First-Time Home Buyer: The Complete Playbook to Avoiding Rookie Mistakes by Scott Trench and Mindy Jensen
Guide to buying real estate, with a focus towards first time home buyers and assumes you’re in the United States (although most of the advice applies to Canada too). The first thing to know is that your agent is not always aligned with your interests: an agent wants you to buy the most expensive home you can afford, and as quickly as possible. However, this is usually a bad idea because it leaves you “house poor”: having little financial flexibility because of the amount of mortgage payments you have to make every month.
A common but incorrect view is that renting is “throwing your money away”, compared to buying which allows you to accumulate equity in your home. But when you analyze the costs and cash flows, it’s not so clear which one is better: usually buying is better when you plan to live there for more than five years, since the transaction cost is so high. It’s better to think of buying a house as paying for a place to live, rather than as an investment, because your home will appreciate in value only if you get lucky. On average and over the long term, home values tend to rise slowly, but there is a lot of variance.
The best plan for house appreciation is finding a worse-than-average home in a good neighborhood: if the location is desirable, then it will probably appreciate, but if it is already relatively expensive, then there’s not as much room to increase further. This means you will buy a house with some issues, and renovate it to make it more desirable. Be aware of taxes that apply after you live in a house or rent it out for a specific period of time. Before buying, analyze the monthly cash flow as if you will rent it out, including rental income, mortgage, factor in repairs, utilities, fees, property taxes, etc. Make sure you have a positive cash flow or else you’re basically subsidizing someone else’s rent.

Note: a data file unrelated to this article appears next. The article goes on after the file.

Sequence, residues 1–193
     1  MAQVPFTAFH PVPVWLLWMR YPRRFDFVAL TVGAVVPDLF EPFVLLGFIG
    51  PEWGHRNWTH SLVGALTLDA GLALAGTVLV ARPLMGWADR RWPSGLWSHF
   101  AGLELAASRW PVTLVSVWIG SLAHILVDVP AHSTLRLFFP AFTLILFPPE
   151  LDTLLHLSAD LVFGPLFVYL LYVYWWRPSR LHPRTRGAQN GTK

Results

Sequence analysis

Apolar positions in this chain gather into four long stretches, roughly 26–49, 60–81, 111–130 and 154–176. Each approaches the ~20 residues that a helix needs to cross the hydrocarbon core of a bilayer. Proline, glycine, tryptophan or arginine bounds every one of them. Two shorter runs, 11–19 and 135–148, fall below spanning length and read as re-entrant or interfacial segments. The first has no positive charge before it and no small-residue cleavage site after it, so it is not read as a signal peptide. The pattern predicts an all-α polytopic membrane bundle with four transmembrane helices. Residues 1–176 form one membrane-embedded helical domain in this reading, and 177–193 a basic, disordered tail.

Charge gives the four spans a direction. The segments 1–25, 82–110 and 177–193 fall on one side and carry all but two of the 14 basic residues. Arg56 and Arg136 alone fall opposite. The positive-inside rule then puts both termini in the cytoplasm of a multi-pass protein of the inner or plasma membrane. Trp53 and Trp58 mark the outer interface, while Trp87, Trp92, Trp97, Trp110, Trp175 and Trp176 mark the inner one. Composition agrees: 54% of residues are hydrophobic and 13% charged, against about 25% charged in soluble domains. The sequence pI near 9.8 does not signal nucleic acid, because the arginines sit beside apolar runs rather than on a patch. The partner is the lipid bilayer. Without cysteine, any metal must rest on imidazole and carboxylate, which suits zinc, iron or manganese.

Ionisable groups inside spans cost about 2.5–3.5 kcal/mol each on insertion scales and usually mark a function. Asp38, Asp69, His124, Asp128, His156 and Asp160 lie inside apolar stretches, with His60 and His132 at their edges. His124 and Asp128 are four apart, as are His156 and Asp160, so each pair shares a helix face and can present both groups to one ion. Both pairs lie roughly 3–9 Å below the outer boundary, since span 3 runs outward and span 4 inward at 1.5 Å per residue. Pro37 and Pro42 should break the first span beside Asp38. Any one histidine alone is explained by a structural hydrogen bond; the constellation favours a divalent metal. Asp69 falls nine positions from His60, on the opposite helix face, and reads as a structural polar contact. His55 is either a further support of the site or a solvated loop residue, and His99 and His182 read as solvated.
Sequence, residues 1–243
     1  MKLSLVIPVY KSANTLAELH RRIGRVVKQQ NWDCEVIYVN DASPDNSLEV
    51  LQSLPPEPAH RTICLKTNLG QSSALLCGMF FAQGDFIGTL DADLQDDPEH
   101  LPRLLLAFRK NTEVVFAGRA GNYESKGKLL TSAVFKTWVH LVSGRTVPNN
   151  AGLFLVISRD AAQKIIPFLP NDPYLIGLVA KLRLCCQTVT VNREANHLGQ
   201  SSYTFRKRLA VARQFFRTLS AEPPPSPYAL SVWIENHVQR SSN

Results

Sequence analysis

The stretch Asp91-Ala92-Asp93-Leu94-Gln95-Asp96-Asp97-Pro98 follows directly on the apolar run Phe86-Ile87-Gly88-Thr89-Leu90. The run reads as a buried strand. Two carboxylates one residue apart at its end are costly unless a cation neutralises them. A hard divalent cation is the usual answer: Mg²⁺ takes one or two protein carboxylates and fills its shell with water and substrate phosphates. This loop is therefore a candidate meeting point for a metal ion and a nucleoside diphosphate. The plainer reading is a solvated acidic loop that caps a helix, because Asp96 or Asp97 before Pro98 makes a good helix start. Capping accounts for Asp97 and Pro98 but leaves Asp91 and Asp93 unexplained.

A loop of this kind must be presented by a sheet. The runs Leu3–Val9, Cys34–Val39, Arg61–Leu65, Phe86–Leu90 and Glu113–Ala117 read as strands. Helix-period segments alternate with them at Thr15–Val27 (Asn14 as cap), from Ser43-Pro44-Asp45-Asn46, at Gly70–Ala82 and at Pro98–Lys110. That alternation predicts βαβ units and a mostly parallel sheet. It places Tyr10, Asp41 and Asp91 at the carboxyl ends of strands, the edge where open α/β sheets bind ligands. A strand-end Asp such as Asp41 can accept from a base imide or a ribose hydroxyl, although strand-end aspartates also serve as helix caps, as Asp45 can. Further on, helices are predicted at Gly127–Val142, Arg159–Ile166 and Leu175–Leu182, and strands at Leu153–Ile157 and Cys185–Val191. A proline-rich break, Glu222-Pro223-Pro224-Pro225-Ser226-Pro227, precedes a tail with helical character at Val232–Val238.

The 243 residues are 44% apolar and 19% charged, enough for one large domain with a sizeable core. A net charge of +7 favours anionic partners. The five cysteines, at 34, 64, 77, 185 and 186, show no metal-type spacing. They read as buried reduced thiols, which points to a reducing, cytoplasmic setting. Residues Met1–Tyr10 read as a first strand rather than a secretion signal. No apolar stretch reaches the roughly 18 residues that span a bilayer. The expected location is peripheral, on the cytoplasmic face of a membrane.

Decide what features of the house are important to you, then wait for a property to appear at a good price. It is misleading to look at the price of properties available on the market, since this will be an upper bound on the actual value of the property. Never set yourself an artificial deadline to make a purchase, such as the end date of your current rental, instead, living there month-to-month until you have your new home.
Mortgages: there are many types of loans, but the best for most people is a 30-year fixed rate mortgage. Private mortgage insurance may be needed if your down payment is less than 20%, but otherwise is unnecessary. Talk to a few different lenders to get an idea of rates, and get a pre-approval letter from your bank which shows buyers that you’re serious.
Agents: interview agents to find one that you can work with. Some agents are busier than others, the advantage of a more experienced agent is they have more experience in dealing with all of the problems that may come up, but less experienced agents are not as busy. It’s OK to have a longer purchase horizon but actually have an intention of buying when the right one appears, otherwise it’s rude to your agent.
Set up alerts to quickly view new houses that fit your criteria, go through the checklist of things to inspect (casually by yourself at first, then professionally later). Even if they don’t matter to you, they might make it hard to rent or sell. A professional home inspection costs about $500 and will let you know all of the problems that exist in the home. Ask the inspector which ones are actually serious, which is hard to read in the official report. Don’t expect a perfect house, but the contract should say who will repair which items.
Another important item on the contract is the appraisal price: it is ideally close to the sale price, but if it is significantly higher, then you might have problem with the lender. Try to get to know what the seller cares (like getting it sold quickly) about so you can negotiate a win-win situation. Once you’ve signed the contract, the deal is basically done, except for a few situations where either side may back out of the contract, such as if your loan does not get approved. Don’t make any large last minute financial decisions that might risk your mortgage approval, like quitting your job.
Overall, this is fairly short and practical book with a lot of specific advice for new home buyers. As it was written in 2021, the price estimates for things are reasonably up to date.